Before suggesting that radio could be included into a revised TVWF as part of an “integrated approach to information society and audiovisual media policies in the EU”, AER believes that the European Commission must still consider appropriately the medium-to-long term implications of inclusion on the industry. A number of studies and impact assessments were commissioned by DG INFSO at various stages of the TVWF consultation process but none of them – to our knowledge – have focused or even included radio in their terms of reference. AER however recalls that in 2002/2003, DG MARKT initiated a study on radio sponsorship which came to the conclusion that radio sponsorship in Europe did not face any cross-border difficulties which might necessitate action at EU level. At this stage, AER therefore sees no reason or added-value for radio to be included into the future Directive.

2. Lack of convincing justification of inclusion of radio into the future directive

a. New technological developments

Despite technological developments of radio services such as satellite radio (both digital and analogue) or DAB digital radio, the reality today is that radio continues to be principally a national, regional and local service and mainly an analogue medium. The introduction of radio on the Internet or its presence on mobile telephones has not substantially changed the nature of radio or the public’s listening habits. For example, the percentage of Internet radio listeners outside a Member State for which the transmissions were primarily intended continues to remain marginal in comparison to those listening to terrestrial transmissions in their intended market.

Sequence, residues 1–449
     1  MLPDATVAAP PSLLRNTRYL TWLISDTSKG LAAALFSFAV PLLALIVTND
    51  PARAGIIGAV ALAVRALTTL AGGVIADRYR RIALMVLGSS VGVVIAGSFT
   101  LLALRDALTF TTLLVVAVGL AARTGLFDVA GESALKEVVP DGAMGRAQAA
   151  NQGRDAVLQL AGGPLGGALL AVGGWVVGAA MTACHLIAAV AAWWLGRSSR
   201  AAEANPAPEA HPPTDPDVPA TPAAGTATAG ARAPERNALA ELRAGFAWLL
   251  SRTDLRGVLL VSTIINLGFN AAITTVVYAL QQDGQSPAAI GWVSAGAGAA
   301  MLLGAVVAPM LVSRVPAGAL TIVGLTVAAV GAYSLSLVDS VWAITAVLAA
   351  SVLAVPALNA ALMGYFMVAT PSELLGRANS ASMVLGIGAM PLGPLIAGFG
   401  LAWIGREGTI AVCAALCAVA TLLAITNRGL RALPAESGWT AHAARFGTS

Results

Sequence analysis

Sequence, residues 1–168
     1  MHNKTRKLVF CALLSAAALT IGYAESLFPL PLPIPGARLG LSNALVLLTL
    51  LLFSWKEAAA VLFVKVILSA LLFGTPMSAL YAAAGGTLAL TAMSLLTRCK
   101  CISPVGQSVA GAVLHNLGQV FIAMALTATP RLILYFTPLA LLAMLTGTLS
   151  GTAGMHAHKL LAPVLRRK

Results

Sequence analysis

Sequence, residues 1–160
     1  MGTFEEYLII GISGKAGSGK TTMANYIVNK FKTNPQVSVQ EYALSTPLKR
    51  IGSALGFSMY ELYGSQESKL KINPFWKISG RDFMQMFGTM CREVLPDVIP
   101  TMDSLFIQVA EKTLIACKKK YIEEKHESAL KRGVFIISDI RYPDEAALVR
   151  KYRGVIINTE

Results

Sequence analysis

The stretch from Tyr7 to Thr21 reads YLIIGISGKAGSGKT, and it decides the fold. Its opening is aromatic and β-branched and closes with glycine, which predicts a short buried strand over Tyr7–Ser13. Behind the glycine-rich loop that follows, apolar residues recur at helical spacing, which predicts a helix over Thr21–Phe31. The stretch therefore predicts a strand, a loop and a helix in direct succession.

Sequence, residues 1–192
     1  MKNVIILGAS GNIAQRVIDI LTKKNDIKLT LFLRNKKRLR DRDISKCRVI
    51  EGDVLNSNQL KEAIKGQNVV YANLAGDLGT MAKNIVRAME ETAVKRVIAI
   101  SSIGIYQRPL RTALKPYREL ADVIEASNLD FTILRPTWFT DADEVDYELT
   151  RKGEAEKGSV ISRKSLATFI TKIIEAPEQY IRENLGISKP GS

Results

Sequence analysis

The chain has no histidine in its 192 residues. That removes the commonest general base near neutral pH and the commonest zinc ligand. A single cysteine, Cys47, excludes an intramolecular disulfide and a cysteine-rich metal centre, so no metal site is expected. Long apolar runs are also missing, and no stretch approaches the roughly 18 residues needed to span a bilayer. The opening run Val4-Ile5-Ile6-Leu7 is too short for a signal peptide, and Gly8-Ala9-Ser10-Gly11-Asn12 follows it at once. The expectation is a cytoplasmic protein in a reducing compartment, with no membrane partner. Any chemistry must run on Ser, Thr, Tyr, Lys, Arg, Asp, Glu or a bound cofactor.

With regard to digital radio broadcasting, the Commission Communication on Digital Switchover of May 2005 states that “although market and technological developments are considered to be very promising it is still too early to envisage the switch off of analogue terrestrial radio broadcasting in the immediate future. However, many market players intend that digital radio will ultimately replace conventional analogue broadcasting”.

AER agrees with the Commission that the radio landscape will change fundamentally in the next 5 to 10 years but the effects of today’s and tomorrow’s digital developments in Europe’s radio landscape are anything but clear. The migration to digital for radio is highly complex. Providing the appropriate regulatory frameworks and incentives for these developments to happen is a matter for national authorities. Anticipating, in terms of European regulatory frameworks, the development of successful national or even trans-frontier digital radio business models is – in our opinion – premature.